And it is just weird to use the ultimate end-state of matter as a creation-process
for certain types of elements (lead, gold, uranium, etc.).

If we use some kind of electrical process or electric-like process on nuclear level (do quarks flow too?),
we have creation-process that can appear at any high-energy phenomenon.
The EU now promotes the electrical only process, but I suspect that there might be more going on.

I find it sad that the astronomers do not look at these edge cases and try to find new theories
for them. Instead they are usually ignored. That is because the astronomers need to publish or perish,
and get no time to go into the darker corners of the theories.

But to "defend" the LCDM theory,
is it possible that extreme variations in redshifts (caused by plasma or whatever)
can repair the holes in the inflation theory?
More ** from zyxzevn at: Paradigm change and C@
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Re: Quasars are the Waterloo of the LCDM model

Unread postby Michael Mozina » Mon Oct 30, 2017 12:39 pm

Zyxzevn wrote:The examples are great.
Space is much older than expected, if there is even a beginning.


I think its the height of hubris to claim that we can even be sure that the universe even had a "beginning". There's no doubt however that's it's older than 13.8 billion years old. I think the Webb Telescope will make that very apparent actually.

While I do not believe that black holes exist in the form as mainstream describes, I do think
that certain massive objects may be possible.


I also tend to agree with Einstein's rejection of "point" like objects (maintream black holes), although like you I entertain (actually accept) the concept of massive objects in space. They don't necessarily have to be as massive as the mainstream assumes however. X-ray output is more a function of current flow than object size IMO.

I find it sad that the astronomers do not look at these edge cases and try to find new theories
for them. Instead they are usually ignored. That is because the astronomers need to publish or perish,
and get no time to go into the darker corners of the theories.


I think the basic problem is that they can't really address those issues and not destroy the whole creation dogma in the process. The moment you accept that quasars do not exhibit time dilation, "tired light" explanations of redshift become more useful to explain such observations. That's the end of any "bang" theory, or dating capability related to the universe itself. Such information *has* to be simply swept under the carpet lest the whole creation mythology bite the dust. They can futz around with some of their ideas related to the maturity of ancient galaxies, but those large "black hole" observations push them to the limit, over it in fact. Those observations of h-alpha lines in such distant galaxies also blows their "reionization" claims out of the water. I think they're forced into denial by pure fear. The moment they try to address these large z value redshift observations which don't match up with their theory, the whole expansion claim falls apart.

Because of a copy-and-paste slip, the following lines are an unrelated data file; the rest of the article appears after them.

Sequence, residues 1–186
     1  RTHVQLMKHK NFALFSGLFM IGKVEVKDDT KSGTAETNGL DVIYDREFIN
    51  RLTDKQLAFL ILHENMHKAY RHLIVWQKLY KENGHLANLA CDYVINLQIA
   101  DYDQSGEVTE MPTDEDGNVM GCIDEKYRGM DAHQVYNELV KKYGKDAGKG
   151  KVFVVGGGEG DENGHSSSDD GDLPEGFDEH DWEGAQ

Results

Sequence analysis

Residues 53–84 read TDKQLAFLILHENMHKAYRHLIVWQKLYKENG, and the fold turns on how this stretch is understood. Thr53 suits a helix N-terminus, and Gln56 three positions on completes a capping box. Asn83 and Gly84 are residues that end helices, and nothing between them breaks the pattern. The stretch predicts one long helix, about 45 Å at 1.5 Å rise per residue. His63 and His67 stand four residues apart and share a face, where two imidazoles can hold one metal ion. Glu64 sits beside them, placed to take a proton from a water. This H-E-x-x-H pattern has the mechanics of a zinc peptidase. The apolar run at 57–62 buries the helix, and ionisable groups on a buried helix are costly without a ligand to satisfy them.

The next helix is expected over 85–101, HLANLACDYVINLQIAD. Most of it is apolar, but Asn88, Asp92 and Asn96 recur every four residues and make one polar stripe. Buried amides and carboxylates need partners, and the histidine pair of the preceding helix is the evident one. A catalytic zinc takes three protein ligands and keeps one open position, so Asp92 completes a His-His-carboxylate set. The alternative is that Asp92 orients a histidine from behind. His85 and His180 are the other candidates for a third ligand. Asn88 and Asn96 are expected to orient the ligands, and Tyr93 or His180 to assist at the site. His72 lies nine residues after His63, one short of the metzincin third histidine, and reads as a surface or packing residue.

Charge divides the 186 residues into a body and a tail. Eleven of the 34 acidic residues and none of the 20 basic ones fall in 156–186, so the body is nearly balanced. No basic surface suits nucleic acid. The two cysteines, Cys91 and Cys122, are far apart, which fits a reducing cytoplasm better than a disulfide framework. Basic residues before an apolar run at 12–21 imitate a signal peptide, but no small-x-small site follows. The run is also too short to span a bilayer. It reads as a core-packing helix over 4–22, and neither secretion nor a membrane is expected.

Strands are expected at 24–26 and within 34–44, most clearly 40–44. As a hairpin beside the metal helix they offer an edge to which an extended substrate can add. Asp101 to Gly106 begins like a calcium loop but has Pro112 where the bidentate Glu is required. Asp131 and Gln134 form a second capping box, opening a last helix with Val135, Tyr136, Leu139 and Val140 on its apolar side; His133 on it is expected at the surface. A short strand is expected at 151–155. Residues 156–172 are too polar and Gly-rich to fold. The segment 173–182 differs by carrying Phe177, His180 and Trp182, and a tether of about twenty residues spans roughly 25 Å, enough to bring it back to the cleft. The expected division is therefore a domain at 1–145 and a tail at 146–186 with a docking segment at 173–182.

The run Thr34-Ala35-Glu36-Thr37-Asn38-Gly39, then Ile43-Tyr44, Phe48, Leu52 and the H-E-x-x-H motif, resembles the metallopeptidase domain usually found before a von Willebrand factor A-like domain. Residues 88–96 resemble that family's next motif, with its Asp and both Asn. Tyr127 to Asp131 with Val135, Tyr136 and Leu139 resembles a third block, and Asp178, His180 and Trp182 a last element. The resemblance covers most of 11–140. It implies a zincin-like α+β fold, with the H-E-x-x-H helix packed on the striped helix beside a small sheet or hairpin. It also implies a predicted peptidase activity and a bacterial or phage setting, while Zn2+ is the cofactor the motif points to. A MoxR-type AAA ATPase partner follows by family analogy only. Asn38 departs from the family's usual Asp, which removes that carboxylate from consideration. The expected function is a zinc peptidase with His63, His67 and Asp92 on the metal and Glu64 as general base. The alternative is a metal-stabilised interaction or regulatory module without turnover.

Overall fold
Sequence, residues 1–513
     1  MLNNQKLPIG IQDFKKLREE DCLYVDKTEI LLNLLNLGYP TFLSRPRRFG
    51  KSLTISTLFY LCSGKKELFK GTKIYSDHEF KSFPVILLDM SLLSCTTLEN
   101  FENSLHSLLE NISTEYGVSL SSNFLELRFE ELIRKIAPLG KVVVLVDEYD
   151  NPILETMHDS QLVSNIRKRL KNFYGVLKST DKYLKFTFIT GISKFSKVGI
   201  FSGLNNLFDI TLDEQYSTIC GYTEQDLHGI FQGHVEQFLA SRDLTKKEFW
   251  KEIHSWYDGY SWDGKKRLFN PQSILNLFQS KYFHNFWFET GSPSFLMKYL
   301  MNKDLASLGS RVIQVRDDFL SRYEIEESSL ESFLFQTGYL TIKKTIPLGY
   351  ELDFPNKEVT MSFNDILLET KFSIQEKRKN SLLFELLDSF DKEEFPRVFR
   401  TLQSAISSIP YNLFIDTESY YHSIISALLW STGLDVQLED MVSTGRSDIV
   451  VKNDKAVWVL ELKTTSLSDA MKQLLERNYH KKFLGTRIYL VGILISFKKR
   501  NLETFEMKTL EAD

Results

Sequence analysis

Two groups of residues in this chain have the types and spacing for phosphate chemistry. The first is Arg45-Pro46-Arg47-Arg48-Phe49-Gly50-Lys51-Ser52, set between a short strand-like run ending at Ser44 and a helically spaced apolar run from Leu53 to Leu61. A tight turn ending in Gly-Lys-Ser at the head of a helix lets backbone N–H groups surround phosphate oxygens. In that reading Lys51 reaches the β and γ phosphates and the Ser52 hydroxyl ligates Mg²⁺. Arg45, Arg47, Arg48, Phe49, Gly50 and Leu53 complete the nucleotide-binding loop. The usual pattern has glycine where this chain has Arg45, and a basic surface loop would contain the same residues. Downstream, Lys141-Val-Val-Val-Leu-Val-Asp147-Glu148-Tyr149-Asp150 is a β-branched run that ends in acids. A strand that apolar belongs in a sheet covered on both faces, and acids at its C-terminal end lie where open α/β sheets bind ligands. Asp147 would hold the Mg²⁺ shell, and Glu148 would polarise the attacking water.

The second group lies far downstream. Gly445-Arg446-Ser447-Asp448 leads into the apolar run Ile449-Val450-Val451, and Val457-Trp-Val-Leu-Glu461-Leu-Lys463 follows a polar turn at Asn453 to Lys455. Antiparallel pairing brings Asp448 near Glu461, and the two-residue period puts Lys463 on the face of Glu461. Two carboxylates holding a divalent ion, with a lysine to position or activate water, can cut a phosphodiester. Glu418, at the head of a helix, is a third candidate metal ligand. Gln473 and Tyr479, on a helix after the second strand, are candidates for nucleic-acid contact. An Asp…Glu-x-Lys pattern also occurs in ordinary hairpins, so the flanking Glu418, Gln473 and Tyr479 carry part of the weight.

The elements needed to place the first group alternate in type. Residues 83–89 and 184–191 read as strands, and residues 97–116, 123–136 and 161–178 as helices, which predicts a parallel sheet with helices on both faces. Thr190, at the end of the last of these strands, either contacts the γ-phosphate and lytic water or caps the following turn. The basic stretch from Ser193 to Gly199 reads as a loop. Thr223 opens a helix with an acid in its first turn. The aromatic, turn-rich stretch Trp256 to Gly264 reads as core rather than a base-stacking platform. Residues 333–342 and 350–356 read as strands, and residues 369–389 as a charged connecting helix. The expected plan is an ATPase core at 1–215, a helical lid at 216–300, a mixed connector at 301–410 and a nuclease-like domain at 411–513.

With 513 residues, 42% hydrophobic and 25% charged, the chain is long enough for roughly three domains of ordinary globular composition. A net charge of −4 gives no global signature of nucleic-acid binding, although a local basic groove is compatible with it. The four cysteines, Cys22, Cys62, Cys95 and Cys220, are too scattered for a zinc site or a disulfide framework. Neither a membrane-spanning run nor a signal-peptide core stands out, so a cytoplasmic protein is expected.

But to "defend" the LCDM theory,
is it possible that extreme variations in redshifts (caused by plasma or whatever)
can repair the holes in the inflation theory?


Don't even get me started on the absurdity of inflation theory. Alan Guth literally "made it up" in his head and the whole concept can be traced back to a single paper by a single individual. Guth used three basic claims to support inflation originally. He claimed that inflation "explained' the "non existence' of unicorns, er, I mean "monopoles". The non existence of something doesn't require an "explanation" in the first place or the non existence of gnomes might be used as evidence to support 'gnome poison'. :) It's just a ridiculous claim to start with. The second big 'claim to fame' of inflation theory according to Guth is that inflation explains the "flatness" of the universe, yet Penrose has demonstrated that it's 10 to the 100th power *less* likely that a "flat universe" would be achieved with inflation rather than without it. Strike two. The third observation which Guth cited as evidence to support his claim is the homogeneity of universe, but Planck data sets show hemispheric variations which defy that prediction too. There's not a single one of Guth's original justifications for inflation theory that hold any water in 2017.

There's nothing which might save inflation theory, even if GR theory is exactly the right way to describe gravity.
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Re: Quasars are the Waterloo of the LCDM model

Unread postby Michael Mozina » Tue Oct 31, 2017 10:11 am

It should also be noted that expansion models fail the surface brightness test at larger redshifts too:

https://www.libertariannews.org/2014/05 ... rightness/

And:

The emtire basis of the dark energy claim is that SN1A's are "standard candles", and that claim has also be falsified by later studies:

https://cosmosmagazine.com/space/supern ... -after-all

Their LCDM models fails pretty much every high redshift observation on the books. Why? Because their *assumption* that "space expansion" is a legitimate 'cause" of photon redshift was never supported by empirical physics in the first place, and it's obviously the *wrong* interpretation of the observation of photon redshift.

If it were the correct interpretation, they wouldn't fail every high z redshift observation on the books and they wouldn't need ad hoc placeholder terms for human ignorance to decribe 95 percent of the universe.
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They missed it by two whole orders of magnitude.

Unread postby Michael Mozina » Wed Nov 01, 2017 9:55 am

http://www.dailymail.co.uk/sciencetech/ ... grees.html

FYI, quasar jets are about 2 orders of magnitude hotter than the LCDM models predicts, probably because they insist on denying the existence of the current that is flowing through the jets. :)

I can see why Halton Arp focused on quasars. They utterly destroy the LCDM model. :)